LONDON (Reuters) - Britain’s parliament has no plans to shut over coronavirus, a spokeswoman said on Wednesday, after a minister tested positive for the virus and another lawmaker was advised to stay at home as a precaution.
Junior health minister Nadine Dorries said she had tested positive for coronavirus and was self-isolating. An opposition lawmaker who met Dorries was also advised to isolate herself by health authorities.
“At present there are no plans to suspend parliament,” a parliamentary spokeswoman said in a statement.
“We are closely following guidance from Public Health England in response to the situation and have been reassured that the measures we are taking are proportionate and appropriate.”
Photographs on Twitter showed Dorries’ office inside parliament cordoned off with police tape and a sign taped to the door saying ‘COVID-19 DO NOT ENTER”.
Prime Minister Boris Johnson had not had close contact with Dorries and was not showing any symptoms so did not need to be tested for the virus, a source with knowledge of the situation said.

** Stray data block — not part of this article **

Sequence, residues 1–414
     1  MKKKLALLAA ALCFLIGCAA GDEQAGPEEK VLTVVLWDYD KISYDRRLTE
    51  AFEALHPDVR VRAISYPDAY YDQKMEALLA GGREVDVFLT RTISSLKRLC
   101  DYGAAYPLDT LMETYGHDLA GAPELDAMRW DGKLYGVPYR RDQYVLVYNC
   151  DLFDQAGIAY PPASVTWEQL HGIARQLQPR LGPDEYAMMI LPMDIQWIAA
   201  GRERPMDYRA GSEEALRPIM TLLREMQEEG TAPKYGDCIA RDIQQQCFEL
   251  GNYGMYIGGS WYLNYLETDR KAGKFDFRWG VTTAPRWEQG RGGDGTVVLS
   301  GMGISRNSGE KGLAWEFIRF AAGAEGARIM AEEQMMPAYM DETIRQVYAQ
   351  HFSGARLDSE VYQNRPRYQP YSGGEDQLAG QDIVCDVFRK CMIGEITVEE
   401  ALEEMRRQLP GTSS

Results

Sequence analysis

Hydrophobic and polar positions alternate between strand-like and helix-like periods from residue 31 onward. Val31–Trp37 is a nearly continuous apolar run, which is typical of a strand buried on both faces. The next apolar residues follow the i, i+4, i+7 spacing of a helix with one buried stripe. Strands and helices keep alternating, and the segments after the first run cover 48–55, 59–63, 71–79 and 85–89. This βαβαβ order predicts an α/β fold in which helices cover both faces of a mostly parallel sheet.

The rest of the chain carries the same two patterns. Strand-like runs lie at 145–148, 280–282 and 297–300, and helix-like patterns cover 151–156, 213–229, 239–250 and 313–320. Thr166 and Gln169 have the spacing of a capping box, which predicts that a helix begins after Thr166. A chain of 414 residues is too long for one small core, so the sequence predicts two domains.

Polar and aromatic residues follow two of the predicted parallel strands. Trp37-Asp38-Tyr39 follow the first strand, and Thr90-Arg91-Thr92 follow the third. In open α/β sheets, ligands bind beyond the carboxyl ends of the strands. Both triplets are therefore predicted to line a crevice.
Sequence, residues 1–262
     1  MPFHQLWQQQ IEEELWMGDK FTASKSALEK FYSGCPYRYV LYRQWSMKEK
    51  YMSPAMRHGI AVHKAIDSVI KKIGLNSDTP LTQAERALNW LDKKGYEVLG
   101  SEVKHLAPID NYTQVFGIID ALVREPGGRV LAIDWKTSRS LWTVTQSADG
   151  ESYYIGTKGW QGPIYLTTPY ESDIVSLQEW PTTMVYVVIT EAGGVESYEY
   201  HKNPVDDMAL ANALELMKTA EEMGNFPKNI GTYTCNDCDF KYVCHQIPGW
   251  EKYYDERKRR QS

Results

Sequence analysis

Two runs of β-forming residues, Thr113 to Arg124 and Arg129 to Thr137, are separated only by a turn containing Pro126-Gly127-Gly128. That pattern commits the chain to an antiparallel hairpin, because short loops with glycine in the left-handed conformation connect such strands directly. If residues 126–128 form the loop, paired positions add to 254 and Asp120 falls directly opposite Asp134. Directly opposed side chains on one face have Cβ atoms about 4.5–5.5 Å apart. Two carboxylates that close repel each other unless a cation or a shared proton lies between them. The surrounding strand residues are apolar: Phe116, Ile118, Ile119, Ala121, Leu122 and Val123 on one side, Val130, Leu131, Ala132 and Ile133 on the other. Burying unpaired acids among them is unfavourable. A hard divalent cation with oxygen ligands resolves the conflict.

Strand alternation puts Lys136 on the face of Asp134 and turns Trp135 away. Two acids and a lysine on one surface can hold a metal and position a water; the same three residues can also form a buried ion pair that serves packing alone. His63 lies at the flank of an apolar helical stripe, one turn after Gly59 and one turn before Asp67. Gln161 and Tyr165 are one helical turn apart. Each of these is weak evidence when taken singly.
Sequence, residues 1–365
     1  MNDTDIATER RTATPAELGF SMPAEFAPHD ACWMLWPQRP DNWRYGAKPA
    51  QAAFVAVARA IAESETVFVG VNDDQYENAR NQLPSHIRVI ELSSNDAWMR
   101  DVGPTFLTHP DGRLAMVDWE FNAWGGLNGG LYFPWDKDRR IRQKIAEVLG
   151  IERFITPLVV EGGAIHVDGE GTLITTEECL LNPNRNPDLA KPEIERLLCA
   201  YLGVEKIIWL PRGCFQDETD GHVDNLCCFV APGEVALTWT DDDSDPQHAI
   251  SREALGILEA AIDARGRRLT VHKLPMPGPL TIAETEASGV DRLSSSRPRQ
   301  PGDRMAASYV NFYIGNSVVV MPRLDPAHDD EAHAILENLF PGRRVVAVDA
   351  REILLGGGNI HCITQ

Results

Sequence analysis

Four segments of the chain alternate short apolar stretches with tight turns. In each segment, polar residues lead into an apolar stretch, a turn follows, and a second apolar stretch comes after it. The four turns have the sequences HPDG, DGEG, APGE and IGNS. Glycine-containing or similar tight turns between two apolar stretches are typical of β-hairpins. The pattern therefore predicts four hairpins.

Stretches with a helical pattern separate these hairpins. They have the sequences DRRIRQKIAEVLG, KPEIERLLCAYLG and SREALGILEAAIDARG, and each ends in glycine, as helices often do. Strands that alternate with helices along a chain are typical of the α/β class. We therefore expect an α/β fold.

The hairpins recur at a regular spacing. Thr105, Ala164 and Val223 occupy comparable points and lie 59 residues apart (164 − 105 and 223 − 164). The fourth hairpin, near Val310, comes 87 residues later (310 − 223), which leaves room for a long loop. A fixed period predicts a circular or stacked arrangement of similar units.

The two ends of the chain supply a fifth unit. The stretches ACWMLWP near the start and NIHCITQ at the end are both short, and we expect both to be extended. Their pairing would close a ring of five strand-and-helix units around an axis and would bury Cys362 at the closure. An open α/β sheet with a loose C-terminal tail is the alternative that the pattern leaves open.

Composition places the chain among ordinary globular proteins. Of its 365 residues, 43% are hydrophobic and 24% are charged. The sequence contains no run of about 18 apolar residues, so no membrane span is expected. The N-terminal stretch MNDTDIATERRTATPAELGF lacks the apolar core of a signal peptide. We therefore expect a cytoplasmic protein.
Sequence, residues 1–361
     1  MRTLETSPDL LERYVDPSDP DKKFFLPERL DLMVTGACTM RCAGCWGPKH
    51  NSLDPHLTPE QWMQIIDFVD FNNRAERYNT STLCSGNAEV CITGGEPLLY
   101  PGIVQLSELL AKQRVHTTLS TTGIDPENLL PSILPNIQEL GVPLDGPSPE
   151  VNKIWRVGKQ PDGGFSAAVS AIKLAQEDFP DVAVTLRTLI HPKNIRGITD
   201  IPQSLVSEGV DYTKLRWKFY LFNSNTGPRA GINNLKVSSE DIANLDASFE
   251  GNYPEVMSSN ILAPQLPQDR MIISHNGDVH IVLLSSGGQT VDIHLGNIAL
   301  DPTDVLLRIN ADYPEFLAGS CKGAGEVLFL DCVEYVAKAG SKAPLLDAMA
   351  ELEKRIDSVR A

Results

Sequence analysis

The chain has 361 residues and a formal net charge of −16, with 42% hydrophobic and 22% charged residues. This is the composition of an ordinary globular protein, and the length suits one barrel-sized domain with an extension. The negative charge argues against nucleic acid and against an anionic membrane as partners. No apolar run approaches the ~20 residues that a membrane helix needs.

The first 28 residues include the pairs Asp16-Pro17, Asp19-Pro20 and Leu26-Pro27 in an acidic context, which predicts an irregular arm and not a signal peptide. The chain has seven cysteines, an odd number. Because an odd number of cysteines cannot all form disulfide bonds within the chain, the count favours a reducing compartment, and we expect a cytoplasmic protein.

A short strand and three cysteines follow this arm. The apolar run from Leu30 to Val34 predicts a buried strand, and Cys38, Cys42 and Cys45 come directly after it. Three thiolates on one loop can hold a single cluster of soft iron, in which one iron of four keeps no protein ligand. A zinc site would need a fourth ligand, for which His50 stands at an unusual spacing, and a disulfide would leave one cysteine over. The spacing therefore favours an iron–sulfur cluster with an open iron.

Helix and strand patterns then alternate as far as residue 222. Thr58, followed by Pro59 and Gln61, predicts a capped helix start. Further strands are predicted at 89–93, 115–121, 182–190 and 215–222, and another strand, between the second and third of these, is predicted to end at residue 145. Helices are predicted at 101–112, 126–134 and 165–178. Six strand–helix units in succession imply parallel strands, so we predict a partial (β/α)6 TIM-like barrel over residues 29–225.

He wished Dorries a speedy recovery, in a statement issued by his office.
Lawmakers have expressed concern that the ageing parliamentary estate is ill-equipped to deal with an outbreak of the virus, and that lawmakers pose a higher risk because they travel a lot and meet people.
Any decision to close parliament would be taken after consultation between parliamentary authorities, the speakers of both houses of parliament and the government.
Britain’s finance minister is due to deliver a budget statement later on Wednesday, one of the biggest days in the parliamentary calendar.
Reporting by William James, editing by Elizabeth Piper and Stephen Addison
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